Against Apology

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The deal with punctuality at Yale (by which I mean the deal with the lack of punctuality at Yale) goes something like: 95 percent of us are 10 to 15 minutes late, 90 percent of the time. The delusional entitlement that leads to the lapse in the Yale clock is similar to the situation in L.A., except that here you can’t genuinely blame traffic all the time.

You have a group lunch Friday in Pierson at 12:15, so at 12:22 you pack your bag for the day and head out. I get it; you were finishing up a reading response. You stop and chat a couple times on the walk there, okay, okay. That’s all fine. And this is coming from the person who gets to the college common room at noon sharp with that week’s copy of the Yale Herald (jokes!) (Cindy Ok making fun of the Herald, JOKES!).

I was even understanding when a friend arrived 37 minutes late to a one-on-one dinner in Berkeley last fall. It wasn’t the first time, and it wasn’t the last; my friends are busy people (soooooo busy). Still, 37 minutes late to a 20-minute dinner is not an awesome show of friendship. And you know what? I would happily forget about the tardiness, except that she spent those 20 minutes apologizing.

Copiously.

Repeatedly.

Gratuitously.

Which led me to spend those 20 minutes exonerating her from the lateness and from her own guilt — basically, to my consoling her.

Apologies, it seems to me, are almost always more for and more about the apologizer than the apologized-to. They are ultimately a defense, some more ridiculous than others. The finest I’ve ever heard was in high school from a girl who’d been slacking on a project we were working on together. When confronted about her sloth and her negligence (we were second-semester seniors, to be fair), she apologized for her only partially connected frontal lobe. Apparently her still-developing brain made the task of paperwork simply UNbearable (all adolescent brains have partially connected frontal lobes, Katie). The late diner’s excuse has even less to do with physiology, but her apology was equally self-indulgent. Is there some kind of veritable relief to hearing so many times that “it’s okay, it’s really okay, honestly don’t worry about it”?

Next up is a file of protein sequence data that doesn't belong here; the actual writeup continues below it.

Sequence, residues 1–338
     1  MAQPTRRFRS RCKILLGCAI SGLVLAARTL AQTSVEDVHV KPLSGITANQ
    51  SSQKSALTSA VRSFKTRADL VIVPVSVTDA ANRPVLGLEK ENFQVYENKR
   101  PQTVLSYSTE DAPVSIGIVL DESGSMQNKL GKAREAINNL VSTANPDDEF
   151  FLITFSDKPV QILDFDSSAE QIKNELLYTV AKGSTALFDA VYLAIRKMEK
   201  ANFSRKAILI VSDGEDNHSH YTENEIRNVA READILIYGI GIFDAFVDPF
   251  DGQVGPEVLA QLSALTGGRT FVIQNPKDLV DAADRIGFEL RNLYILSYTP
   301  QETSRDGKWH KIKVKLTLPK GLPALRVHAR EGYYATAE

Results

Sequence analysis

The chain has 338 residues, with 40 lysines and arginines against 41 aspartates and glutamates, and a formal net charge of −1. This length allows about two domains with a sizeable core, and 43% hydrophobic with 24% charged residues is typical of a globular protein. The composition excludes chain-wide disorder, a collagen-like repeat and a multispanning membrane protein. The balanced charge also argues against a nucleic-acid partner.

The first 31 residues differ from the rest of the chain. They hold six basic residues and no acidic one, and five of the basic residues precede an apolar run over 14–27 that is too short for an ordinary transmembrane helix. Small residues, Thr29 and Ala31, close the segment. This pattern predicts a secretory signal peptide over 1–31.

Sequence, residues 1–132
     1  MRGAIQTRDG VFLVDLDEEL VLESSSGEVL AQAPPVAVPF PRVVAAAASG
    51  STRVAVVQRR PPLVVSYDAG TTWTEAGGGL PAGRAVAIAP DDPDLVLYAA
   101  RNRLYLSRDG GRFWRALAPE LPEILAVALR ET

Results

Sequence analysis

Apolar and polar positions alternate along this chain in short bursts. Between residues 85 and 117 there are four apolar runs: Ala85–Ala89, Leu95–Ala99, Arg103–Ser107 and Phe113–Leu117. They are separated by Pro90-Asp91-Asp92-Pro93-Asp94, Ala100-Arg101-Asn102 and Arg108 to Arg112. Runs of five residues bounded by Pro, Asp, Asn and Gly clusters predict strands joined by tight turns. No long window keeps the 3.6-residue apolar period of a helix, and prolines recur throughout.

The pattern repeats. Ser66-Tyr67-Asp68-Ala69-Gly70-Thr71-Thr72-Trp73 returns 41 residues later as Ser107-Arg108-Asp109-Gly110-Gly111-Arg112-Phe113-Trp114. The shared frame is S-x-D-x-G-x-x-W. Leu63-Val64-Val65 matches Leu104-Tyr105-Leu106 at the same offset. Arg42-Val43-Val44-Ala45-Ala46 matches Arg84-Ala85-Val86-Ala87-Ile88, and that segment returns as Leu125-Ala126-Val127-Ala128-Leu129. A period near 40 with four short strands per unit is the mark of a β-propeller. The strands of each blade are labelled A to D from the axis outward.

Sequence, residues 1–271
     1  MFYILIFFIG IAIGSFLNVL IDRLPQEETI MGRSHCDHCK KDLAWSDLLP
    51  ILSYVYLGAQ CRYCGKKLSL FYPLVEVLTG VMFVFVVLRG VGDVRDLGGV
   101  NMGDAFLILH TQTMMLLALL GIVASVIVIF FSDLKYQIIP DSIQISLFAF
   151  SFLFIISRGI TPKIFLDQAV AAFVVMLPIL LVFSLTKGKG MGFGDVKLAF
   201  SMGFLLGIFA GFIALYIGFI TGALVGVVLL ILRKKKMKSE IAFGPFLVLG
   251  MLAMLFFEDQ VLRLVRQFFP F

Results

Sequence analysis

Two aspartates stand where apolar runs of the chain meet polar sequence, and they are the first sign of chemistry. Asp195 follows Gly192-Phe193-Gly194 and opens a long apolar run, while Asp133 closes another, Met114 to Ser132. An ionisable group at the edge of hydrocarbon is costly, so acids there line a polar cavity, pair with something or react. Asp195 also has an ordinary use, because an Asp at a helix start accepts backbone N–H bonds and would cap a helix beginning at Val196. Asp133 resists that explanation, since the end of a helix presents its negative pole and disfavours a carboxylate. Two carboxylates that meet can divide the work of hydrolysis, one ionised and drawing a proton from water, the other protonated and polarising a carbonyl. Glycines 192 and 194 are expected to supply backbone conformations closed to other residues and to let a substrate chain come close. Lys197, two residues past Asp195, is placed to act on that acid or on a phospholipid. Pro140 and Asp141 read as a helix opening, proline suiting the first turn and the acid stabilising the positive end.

This year, I’m on a (solo) campaign against apology. Well, against meaningless and/or self-serving apology. Don’t be sorry that you were late, or mean, that you forgot a birthday or cheated on your girlfriend; just don’t do it next time. In the meantime, take responsibility for your mistake. It was your decision to take a nap so close to dinner, to get drunk so close to the girl you have a crush on. You’re not sorry you did it, you’re sorry it had to hurt somebody, which are very different sentiments (the second completely unthinking to express).

You’re 18, or 20, or even 24 if you took a gap year and were old for your grade to begin with. Everyone runs into her freshman-year roommate on the way to class, everyone has to take the long way to Edgewood when there’s construction in the Pierson shortcut once in a while. If you’re making excuses, then everybody should get to, and that’s not the kind of world any of us are tryna build. Anyway, no one thinks it’s your fault that you spilled the coffee, so chill out and just help clean it up.

Sometimes the circumstances are outside your control (choosing to lose your mental faculties for the night does not count for this one, sorry). “My professor let us out of class 10 minutes late” will do perfectly fine, and is not a situation that warrants 15 “I’m sorry”s in a row. Let’s let that phrase keep its meaning.

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